Advertisements

New site: DigitalMarketing 2.0…(somewhat of an ad for a site I contribute to)

Digital Marketing 2.0.Com: Where Big Ideas Meet Big Data

DataXu Sponsors New Editorially-Independent Marketing Community

Andover, MA – February 22, 2012 – Human 1.0, an international business innovation firm helping clients understand, adopt and execute social business strategies, together with DataXu, provider of the industry’s only fully-integrated digital marketing management platform and number one ranked DSP current offering, are pleased to announce the launch of Digital Marketing 2.0, an editorially-independent thought leadership community for digital marketers.

Living in an era of ubiquitous digital devices is changing consumer behavior and, in turn, driving a paradigm shift in marketing. CMOs unanimously cite that they are underprepared to handle the data deluge generated by consumer interaction with digital media, and are uncertain what tools, technologies, partners and resources they will need to develop new strategies for interpreting the data and making real-time business decisions based on the insights it provides. In response, DataXu decided to launch and support an industry-wide conversation, backed by a research study, on how companies can tap into the power of the customer intelligence derived from a fully digital world.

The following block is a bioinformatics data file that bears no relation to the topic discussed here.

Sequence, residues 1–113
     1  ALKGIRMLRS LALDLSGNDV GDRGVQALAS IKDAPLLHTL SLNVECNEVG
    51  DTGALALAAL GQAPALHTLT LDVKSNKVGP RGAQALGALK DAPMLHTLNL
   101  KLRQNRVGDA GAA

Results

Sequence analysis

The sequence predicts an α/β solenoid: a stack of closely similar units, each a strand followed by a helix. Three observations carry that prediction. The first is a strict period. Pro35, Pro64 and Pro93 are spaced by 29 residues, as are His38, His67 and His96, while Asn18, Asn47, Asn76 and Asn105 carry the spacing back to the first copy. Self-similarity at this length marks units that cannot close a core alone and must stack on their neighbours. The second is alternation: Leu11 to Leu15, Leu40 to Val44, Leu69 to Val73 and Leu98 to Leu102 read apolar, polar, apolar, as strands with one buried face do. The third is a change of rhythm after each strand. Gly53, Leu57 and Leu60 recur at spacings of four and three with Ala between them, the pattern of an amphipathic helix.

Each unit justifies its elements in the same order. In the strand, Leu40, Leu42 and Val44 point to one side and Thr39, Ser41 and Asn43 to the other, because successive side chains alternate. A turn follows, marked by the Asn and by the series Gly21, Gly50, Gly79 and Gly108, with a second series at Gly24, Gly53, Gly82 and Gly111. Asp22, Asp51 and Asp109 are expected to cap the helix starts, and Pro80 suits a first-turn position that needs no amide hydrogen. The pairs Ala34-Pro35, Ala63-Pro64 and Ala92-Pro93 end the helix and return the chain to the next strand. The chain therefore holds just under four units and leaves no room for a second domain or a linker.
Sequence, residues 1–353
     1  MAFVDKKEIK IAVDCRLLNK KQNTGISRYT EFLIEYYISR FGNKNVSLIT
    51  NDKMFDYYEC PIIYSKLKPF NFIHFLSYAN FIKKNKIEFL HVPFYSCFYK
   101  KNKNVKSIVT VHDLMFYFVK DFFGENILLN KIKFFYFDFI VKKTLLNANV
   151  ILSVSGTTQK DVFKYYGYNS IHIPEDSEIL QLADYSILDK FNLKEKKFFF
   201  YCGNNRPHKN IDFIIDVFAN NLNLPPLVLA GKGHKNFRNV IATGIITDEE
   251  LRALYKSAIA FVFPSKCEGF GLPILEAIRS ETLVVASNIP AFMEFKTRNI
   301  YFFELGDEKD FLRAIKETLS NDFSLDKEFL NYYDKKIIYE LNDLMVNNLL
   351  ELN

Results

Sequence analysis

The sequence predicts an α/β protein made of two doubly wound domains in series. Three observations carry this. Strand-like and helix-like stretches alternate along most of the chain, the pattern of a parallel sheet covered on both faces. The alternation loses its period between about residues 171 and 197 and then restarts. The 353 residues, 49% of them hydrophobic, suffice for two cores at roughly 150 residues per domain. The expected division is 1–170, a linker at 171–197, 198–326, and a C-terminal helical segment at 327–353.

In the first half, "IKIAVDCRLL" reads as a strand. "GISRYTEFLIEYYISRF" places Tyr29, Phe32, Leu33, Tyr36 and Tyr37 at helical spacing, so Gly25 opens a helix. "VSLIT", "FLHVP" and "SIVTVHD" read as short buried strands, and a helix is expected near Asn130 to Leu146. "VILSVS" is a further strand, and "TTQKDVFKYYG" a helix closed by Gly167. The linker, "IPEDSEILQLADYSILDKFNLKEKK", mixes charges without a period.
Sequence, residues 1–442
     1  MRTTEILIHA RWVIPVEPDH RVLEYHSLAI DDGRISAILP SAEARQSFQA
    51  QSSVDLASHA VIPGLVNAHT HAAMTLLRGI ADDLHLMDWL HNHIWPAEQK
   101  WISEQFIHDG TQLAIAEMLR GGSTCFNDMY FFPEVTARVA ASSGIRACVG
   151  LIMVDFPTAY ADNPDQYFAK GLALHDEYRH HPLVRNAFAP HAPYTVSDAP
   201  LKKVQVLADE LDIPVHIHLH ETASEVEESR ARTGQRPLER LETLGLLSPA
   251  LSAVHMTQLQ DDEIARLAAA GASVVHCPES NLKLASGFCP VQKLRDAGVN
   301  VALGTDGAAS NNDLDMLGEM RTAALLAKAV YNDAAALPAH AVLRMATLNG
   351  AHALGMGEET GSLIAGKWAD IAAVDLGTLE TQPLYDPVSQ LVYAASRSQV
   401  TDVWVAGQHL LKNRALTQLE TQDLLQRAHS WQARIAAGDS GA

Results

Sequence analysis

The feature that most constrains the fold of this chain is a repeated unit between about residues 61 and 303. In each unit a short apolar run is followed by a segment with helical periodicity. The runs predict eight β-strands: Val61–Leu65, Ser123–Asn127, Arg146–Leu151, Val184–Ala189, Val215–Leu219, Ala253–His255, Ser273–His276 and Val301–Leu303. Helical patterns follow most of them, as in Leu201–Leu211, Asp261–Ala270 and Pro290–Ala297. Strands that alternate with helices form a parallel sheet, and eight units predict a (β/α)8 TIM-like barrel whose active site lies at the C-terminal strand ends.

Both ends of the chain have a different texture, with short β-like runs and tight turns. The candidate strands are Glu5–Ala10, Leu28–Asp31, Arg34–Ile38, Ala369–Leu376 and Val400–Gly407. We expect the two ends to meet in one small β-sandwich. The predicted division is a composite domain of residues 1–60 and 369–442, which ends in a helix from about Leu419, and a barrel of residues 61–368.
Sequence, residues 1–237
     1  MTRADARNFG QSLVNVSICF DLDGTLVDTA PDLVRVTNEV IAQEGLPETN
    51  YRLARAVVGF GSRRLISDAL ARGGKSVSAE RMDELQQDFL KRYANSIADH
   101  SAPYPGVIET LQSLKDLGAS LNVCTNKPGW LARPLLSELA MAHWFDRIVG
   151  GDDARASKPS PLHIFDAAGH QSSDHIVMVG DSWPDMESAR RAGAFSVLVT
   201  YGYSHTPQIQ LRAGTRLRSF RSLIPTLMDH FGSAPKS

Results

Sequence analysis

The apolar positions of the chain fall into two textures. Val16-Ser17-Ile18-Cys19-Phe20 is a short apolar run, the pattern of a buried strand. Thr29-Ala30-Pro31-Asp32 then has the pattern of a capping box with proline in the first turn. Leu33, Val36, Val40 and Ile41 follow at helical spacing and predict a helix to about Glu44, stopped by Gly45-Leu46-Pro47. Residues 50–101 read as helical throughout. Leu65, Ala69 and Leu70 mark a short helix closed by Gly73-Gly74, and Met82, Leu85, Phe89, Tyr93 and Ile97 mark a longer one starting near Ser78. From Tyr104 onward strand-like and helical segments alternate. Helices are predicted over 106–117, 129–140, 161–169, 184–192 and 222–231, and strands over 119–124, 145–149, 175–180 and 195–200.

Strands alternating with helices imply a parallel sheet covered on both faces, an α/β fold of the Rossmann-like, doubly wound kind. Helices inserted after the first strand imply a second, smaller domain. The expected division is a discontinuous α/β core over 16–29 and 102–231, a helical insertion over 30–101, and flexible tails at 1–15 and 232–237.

Digital Marketing 2.0 is edited by Stacy Williams, who for 20 years has helped companies develop and implement their marketing, positioning, and internal and external communications strategies. Along with Williams, there are four main contributors including Dan Greller, an IT executive and former CIO at Legg-Mason, Ian Gertler, Chief Marketing Officer for online advertising Pioneer Cursor Marketing under Lexos Media, David Rogers, the Executive Director of BRITE at Columbia Business School and the faculty director of the school’s Executive Education program on Digital Marketing Strategy and David Allen Isben, a 25-year market-driven business strategies veteran in both the consumer and technology spaces.

“Our community discussions will focus on the promise of Big Data and the ability to create actionable insights that come with digital marketing. The community aims to deepen and drive the conversation and uncover ways in which the entire ecosystem can benefit through shared information and expertise,” said Williams.

The site is sponsored by DataXu and produced by Human 1.0.